Carrot & Coriander Soup
A hearty soup and lovely lunch.
Even though we’ll all be staying very close to home this Easter, it doesn’t mean we can’t add a global flavour to events.
Here’s a round-up of recipes and traditions from around the world that you might try adding into your own celebrations.
Try an alternative to making hot cross buns with kulich, a fruit studded bread similar to panettone in texture. Enjoyed in Russia and other Orthodox countries at Easter time, it’s a perfect tea time addition. There are special kulich baking tins, but clean, empty, standard size baked bean tins make an ideal substitute
Find the recipe over on Great British Chefs.
If the weather is lovely, then perhaps take on the Polish Easter Monday tradition of pouring water on one another. Although maybe limit yourselves to a water pistol fight! With its origins in the baptism of Polish Prince Mieszko in 966AD, it’ll certainly burn off some energy around the garden.
Here’s a delicious vegetarian alternative for lunch over Easter. Traditionally eaten in parts of Italy on Easter Sunday, this spinach and egg pie can be eaten cold or warm. It’s probably not just the vegetarians who are going to enjoy this tasty treat.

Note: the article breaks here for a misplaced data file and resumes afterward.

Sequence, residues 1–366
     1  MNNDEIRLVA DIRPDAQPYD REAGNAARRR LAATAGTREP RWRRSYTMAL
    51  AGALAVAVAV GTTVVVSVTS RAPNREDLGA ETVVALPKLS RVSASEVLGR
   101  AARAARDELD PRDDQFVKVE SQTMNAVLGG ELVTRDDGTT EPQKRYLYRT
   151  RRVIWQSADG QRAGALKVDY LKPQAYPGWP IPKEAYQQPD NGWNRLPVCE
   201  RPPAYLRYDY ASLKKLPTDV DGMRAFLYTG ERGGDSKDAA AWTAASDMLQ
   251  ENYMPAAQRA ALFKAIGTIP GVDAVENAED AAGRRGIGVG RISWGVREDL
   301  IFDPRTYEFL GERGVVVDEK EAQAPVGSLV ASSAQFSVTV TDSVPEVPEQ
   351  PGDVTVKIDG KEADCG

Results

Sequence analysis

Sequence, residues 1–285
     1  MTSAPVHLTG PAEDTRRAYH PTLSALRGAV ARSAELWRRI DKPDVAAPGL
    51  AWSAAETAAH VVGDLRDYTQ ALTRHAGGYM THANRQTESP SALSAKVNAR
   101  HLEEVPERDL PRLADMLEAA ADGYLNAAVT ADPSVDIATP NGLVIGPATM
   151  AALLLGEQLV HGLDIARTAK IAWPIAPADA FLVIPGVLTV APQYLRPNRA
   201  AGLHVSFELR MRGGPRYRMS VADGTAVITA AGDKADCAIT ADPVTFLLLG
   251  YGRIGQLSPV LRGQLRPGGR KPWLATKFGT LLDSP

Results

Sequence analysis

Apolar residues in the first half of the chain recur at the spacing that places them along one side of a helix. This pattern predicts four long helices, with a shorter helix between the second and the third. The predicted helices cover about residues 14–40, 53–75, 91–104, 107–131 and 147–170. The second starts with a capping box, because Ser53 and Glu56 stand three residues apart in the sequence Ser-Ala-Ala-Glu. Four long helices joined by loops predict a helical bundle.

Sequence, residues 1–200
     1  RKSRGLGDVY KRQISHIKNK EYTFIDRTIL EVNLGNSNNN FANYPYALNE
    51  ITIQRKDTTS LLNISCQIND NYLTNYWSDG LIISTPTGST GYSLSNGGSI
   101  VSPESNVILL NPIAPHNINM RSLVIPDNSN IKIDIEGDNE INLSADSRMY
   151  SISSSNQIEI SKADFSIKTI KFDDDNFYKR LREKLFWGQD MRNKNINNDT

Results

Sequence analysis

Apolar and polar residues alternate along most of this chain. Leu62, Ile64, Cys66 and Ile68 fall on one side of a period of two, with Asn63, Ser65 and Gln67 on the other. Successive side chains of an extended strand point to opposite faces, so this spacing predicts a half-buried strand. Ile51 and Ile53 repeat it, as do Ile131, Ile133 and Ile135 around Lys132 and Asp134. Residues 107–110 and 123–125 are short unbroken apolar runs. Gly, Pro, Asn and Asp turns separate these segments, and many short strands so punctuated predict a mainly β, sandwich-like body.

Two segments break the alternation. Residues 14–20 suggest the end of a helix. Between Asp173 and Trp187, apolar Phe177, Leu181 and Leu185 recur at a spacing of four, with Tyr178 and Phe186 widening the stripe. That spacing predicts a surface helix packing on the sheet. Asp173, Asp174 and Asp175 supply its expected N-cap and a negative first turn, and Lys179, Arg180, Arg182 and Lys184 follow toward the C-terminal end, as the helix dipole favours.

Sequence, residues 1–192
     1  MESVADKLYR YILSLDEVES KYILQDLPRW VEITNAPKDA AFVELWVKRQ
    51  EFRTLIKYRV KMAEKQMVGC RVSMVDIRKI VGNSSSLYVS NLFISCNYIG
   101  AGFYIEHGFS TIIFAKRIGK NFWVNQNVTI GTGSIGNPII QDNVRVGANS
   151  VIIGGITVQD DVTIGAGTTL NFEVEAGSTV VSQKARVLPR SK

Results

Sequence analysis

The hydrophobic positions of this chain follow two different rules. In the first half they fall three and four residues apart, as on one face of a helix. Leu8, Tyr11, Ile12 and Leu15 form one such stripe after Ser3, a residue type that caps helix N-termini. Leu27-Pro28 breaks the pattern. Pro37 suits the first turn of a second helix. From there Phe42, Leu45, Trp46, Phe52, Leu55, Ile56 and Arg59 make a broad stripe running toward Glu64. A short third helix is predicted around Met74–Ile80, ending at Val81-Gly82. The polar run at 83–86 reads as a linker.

Find the recipe over on Great Italian Chefs
In Germany, it’s common to walk down the street and see decorative eggs hanging on trees in the gardens at Easter time. Inside the house, it’s like the Easter bunny has taken over the Christmas tree. Sounds like a perfect thing to do this year to cheer things up. Break out your fairy lights, get the tree out, and make some decorations.
Spain really goes to town on sweet treats in the week running up to Easter. Torrijas is their version of French toast, so a great standby if you’ve got some bread that’s a little past its best. There are lots of different toppings and accompaniments, but it’s always sprinkled with a cinnamon-sugar mixture.
Good Food have a delicious-sounding recipe. You can, of course, leave the sherry out if you choose.